A commissioned theater work, “The Toni Morrison Project,” brought the imaginative possibilities of the Morrison archive to the stage — conceived by Nicole Watson, associate artistic director at McCarter Theatre Center, as a pairing of visionary theater-makers, Mame Diarra (Samantha) Speis, co-artistic director of Urban Bush Women, and performance artist Daniel Alexander Jones, who was a Belknap Short-Term Visiting Fellow in Princeton’s Humanities Council in fall 2022, a week-long residency in which he engaged in projects with the Lewis Center for the Arts and Trenton Arts at Princeton. The two met for the first time in fall 2021 during their first archive visit. The new work was presented March 24 and 25 in the intimate Berlind Theatre Rehearsal Rooms.
With a mille-feuille of monologue, movement and song — layered with live music — Speis and Jones conjured memory, family, community, loss and hope. Emphasizing the importance of gathering together, they broke the fourth wall to engage the audience in their creative process. Speis borrowed a program from one audience member to read from her artist statement: “I vividly remember the day I entered the room that held a selection of Toni Morrison’s inner thoughts, contemplations and her spirit of inquiry. I was at a loss for words. It called for no words, only a deep listening.” Later, Jones asked an audience member to join them at the kitchen table on the set, asking: “Would you share a memory of Ms. Morrison?” The woman smiled: “We share a birthday — Feb. 18!”
At the end, with the music keyed up to a party-pounding crescendo, Jones invited everyone into the performance space. Throwing his arms wide, he proclaimed his thanks to Ms. Morrison — “We are so grateful to you that we got to live our lives in the flow of your words” — and told the audience, “We know Ms. Morrison was legendary for her carrot cake, so we have cake for everybody!”
Novelist, poet, artist: Morrison and the imagination
In the conversation “Archival Imaginaries,” curated by novelist Angie Cruz and associate professor in the writing program at the University of Pittsburgh, the fiction writers Kaitlyn Greenidge, ZZ Packer and Nelly Rosario discussed how their archival research engenders storytelling, and how their work creates archives of its own.
“Artifacts combined can tell a more powerful story,” said Rosario. “That’s how I see what fiction can do — recombine the facts to go beyond data, statistics and photos.”
Greenidge said novels can also fill in spaces in the archive. “Fiction asks its reader to step into a totally different consciousness that can bring in audiences in a different way than a historian can. The archives are a space where there are hints of stories; the parts that are left out are usually the parts that are the most interesting.”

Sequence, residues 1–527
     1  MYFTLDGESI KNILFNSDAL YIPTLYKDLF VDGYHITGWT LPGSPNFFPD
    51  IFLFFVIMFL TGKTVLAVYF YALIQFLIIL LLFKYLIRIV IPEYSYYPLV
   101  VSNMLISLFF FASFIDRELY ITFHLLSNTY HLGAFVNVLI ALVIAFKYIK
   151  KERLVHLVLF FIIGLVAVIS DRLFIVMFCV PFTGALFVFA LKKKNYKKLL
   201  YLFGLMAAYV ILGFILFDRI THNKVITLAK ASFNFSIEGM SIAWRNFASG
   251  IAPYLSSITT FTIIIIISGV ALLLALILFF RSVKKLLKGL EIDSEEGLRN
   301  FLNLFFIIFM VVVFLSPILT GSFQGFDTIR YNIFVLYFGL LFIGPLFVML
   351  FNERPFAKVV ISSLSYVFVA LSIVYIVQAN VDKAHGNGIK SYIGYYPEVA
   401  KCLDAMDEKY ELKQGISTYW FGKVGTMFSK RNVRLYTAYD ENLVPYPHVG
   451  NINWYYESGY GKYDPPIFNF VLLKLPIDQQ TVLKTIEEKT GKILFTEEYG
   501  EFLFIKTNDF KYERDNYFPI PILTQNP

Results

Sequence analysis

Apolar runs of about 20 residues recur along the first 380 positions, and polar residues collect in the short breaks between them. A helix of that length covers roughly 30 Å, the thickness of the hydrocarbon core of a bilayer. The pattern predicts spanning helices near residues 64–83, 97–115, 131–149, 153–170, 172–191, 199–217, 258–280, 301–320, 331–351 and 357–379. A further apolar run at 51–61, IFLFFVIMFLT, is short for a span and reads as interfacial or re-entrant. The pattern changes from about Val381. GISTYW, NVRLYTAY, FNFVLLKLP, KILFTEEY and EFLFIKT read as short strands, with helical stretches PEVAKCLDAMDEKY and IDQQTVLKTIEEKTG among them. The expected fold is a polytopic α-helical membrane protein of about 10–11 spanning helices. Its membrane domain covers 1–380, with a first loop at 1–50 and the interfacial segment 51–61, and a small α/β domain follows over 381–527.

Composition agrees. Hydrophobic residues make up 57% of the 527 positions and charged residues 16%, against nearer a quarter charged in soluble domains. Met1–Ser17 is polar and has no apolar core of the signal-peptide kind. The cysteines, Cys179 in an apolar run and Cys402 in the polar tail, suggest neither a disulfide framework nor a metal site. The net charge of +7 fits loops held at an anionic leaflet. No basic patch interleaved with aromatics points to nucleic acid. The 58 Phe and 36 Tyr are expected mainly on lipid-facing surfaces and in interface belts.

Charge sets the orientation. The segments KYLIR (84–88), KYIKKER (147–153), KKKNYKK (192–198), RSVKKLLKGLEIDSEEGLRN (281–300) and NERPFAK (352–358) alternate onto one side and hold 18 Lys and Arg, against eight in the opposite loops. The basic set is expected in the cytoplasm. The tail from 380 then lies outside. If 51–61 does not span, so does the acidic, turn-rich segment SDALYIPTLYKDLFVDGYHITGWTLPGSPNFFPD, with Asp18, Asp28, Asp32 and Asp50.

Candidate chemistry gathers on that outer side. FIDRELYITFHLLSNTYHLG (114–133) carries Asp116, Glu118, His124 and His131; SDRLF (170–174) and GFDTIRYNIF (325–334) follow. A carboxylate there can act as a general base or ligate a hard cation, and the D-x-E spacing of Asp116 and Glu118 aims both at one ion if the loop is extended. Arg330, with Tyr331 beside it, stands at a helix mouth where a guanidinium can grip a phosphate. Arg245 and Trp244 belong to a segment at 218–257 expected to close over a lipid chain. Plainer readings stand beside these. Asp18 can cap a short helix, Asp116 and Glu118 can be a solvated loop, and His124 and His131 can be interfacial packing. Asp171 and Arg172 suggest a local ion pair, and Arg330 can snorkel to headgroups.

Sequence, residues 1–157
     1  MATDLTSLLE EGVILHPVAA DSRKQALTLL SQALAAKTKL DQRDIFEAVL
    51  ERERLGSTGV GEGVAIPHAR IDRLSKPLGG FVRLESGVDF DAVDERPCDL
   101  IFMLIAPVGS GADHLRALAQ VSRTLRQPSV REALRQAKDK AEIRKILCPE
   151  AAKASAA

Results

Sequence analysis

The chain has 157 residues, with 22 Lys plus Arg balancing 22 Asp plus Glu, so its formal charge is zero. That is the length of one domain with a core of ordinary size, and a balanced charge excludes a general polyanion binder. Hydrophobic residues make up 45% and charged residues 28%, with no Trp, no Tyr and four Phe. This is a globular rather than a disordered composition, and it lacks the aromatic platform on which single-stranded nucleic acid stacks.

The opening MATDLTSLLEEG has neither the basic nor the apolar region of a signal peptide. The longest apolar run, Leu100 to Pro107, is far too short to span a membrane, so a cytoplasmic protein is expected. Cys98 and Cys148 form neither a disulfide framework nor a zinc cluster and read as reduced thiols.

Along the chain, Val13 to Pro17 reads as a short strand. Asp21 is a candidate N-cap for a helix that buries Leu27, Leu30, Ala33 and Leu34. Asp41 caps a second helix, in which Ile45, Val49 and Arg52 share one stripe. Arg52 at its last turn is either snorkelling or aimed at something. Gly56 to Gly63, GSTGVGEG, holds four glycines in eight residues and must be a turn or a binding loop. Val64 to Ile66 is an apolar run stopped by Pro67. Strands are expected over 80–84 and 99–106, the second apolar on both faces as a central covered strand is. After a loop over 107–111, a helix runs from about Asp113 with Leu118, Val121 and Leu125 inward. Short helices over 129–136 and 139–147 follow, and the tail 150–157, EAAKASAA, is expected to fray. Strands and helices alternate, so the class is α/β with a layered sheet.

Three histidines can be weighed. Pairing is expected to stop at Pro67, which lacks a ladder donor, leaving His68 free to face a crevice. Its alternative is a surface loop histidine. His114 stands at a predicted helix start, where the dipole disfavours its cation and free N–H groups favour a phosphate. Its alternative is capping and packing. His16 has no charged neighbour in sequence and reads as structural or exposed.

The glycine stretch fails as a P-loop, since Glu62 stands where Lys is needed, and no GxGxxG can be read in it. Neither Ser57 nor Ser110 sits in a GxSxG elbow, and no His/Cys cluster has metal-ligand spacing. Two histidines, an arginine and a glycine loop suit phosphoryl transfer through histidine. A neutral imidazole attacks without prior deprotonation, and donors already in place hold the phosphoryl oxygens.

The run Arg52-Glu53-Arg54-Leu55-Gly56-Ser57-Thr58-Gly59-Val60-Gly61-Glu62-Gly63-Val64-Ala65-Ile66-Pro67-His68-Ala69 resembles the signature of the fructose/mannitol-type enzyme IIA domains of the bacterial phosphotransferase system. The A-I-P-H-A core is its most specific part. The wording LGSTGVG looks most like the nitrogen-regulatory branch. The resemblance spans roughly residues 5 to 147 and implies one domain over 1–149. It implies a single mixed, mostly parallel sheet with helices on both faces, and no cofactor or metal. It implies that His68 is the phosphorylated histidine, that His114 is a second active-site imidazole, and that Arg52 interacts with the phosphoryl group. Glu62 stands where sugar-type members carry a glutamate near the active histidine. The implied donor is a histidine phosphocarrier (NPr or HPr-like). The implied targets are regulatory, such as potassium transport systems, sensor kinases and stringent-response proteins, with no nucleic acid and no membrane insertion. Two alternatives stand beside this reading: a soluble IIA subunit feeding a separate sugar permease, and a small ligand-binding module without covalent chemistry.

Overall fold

Ella Harris, a Princeton sophomore who is taking “African American Literature: Harlem Renaissance to Present” with Nishikawa and “Topics in African American Literature: Reading Toni Morrison” with Womack, said, “I was inspired by how the panelists encouraged us to interpret what is left out of the archive as an opportunity for re-imagining the past and what remains unknown.” One of her favorite parts of Womack’s class is the opportunity to explore Morrison’s drafts, outlines and unpublished works in the archive. “Seeing her handwriting and examining pieces of paper she wrote on never fails to give me chills,” Harris said.
In the closing plenary conversation, artist Saar and poet Shockley recalled their first encounters with Morrison’s work.
Shockley, whose newest collection of poetry, “Suddenly We,” was published last month and features Saar’s sculpture “Bluebird” on the cover, read her first Morrison novel, “Sula,” in an American literature course her first year in college, captivated by the line: “And like an artist with no art form, she became dangerous.”
Saar picked up “The Bluest Eye” at age 18. “[Morrison] gave me the opportunity to talk about the things many Black women writers felt were difficult to talk about.”
They discussed works, like Morrison’s, created in response to violence against Black people. Saar’s “High Cotton” — a grouping of five girls, 4 to 9 years old, holding tools of enslaved labor crops and with cotton bolls tied to their heads as camouflage on their way to burn down the master’s house — was created in response to the 2016 police killing of Philando Castile, whose girlfriend’s 4-year-old daughter was in the back seat of Castile’s car. “I wanted to create a piece to give these girls their power back,” Saar said.
The symposium closed, as it began, with Morrison’s extraordinary voice.
“We’ve somehow come to an end. But things never end, Morrison teaches that,” Womack said. “I thought the best way for us to close is with a passage that Morrison will pick for us.” Opening Morrison’s novel “Love” to a random page, she began to read:
“You are always thinking about death, I told her. No, she said. Death is always thinking about me…"